What the McDonald's Downgrade Means For Mutual Fund Investors (MCD)

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What the McDonald's Downgrade Means For Mutual Fund Investors (MCD)

Shauna O'Brien Apr 06, 2015

Before the opening bell on Monday, RBC Capital cut estimates on McDonald’s (MCD). Here’s what the rating change means for investors.

Inside the Downgrade

The firm has lowered its price target on MCD from $115 to $110. This new price target suggests a 13% upside from the stock’s current price. According to the firm, MCD is seeing a negative start to its U.S. turnaround.

Analyst David Palmer commented: “We are lowering our EPS estimates to account for FX, increased labor costs, and slower US SSS momentum.”

“However, even with our lower EPS estimates, McDonald’s valuation metrics compare favorably to both restaurant and consumer staples peers.”


Lower Sales & Higher Labor Costs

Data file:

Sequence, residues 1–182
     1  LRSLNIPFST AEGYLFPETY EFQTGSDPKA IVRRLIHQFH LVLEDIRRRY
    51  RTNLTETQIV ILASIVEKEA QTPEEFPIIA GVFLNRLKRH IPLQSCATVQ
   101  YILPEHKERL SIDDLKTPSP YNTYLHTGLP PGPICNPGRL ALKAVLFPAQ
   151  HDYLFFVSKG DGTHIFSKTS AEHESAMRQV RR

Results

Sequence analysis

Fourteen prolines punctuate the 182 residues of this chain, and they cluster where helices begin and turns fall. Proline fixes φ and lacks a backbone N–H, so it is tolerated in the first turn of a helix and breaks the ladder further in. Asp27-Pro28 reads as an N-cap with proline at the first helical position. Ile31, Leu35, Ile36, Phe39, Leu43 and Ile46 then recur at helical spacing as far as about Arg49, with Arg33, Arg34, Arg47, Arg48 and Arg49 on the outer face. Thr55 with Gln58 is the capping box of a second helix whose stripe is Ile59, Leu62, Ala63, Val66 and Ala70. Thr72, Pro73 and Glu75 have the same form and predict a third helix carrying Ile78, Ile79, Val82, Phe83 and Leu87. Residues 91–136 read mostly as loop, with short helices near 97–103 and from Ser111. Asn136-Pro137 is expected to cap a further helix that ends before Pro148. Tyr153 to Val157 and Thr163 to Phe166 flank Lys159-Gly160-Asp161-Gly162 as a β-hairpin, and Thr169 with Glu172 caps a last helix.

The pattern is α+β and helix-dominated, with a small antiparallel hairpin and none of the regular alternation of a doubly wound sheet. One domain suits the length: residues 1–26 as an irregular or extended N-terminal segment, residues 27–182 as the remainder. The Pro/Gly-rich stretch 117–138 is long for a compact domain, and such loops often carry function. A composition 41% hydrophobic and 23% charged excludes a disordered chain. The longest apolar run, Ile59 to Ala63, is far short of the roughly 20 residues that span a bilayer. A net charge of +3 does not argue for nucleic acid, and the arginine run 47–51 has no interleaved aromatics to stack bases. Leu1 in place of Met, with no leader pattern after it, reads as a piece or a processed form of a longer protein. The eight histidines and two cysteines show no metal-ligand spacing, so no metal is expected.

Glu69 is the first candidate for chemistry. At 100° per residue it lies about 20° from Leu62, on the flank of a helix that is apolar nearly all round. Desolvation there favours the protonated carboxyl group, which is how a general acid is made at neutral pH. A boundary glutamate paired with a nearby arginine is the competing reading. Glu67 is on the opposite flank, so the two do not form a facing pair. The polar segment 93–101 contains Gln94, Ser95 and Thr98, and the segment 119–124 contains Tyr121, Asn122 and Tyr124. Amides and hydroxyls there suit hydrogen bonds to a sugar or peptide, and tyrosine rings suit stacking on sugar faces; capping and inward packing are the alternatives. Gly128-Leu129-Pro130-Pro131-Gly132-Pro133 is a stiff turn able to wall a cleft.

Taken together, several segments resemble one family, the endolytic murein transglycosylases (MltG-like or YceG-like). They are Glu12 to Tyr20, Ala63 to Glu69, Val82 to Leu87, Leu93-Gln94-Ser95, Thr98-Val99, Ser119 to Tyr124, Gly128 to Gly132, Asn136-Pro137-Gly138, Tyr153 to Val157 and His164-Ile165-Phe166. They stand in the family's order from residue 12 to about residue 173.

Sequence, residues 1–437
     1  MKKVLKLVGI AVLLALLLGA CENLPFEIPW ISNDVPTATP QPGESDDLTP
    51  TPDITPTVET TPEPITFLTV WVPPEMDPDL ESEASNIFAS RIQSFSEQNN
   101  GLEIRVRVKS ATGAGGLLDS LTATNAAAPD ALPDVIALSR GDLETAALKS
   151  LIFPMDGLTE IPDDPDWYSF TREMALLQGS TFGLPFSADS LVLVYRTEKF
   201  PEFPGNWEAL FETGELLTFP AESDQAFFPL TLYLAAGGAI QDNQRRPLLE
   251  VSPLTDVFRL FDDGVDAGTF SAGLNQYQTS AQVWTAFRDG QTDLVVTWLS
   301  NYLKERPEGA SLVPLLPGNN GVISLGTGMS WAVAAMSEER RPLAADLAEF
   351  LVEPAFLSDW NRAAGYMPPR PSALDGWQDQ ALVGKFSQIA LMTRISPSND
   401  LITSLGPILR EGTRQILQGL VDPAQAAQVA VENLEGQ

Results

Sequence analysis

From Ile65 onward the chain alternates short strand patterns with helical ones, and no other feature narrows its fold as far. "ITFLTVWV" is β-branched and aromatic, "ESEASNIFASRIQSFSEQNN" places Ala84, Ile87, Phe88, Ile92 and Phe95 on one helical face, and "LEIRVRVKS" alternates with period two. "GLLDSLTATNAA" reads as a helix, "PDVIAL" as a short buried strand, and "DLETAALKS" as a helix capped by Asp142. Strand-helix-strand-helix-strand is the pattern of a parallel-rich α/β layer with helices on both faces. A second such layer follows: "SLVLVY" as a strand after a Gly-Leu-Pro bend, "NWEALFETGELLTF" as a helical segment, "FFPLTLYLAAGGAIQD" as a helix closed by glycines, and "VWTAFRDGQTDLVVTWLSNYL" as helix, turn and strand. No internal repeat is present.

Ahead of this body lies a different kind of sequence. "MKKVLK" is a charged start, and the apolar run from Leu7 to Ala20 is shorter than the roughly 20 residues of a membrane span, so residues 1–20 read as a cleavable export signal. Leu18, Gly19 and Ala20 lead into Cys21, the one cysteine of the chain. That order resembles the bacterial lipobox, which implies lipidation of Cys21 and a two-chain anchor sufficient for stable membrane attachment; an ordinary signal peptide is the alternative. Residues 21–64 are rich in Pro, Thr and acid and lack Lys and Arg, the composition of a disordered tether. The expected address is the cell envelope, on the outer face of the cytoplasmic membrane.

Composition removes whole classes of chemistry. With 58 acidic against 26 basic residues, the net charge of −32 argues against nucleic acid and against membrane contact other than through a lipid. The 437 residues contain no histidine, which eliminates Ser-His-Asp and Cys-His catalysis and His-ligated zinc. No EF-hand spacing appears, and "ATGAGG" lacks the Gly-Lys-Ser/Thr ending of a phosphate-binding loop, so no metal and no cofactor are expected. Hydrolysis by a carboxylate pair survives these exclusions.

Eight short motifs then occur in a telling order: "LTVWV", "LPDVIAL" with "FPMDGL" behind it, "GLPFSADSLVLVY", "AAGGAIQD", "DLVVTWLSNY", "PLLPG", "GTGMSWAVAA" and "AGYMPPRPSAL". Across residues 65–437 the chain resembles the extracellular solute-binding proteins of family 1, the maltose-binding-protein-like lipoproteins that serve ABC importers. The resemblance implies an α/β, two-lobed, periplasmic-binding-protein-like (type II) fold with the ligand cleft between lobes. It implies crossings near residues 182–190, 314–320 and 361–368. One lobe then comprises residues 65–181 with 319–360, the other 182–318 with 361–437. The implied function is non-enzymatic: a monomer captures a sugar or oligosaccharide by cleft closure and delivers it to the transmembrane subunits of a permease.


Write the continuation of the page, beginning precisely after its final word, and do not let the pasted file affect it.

McDonald’s recently announced that it will raise employee wages above minimum wage. The increase will add to expenses, while sales in the U.S. have been declining.

McDonald’s is up 3% YTD.


Mutual Funds to Watch

Investors interested in MCD may also consider a mutual fund as an alternative to owning the individual stock. The funds below currently hold the largest stakes in MCD.

The Bottom Line

The funds listed above allow investors to gain exposure to MCD while remaining diversified. Investors interested in MCD may also be interested in Burger King (BKW) and Yum! Brands (YUM).

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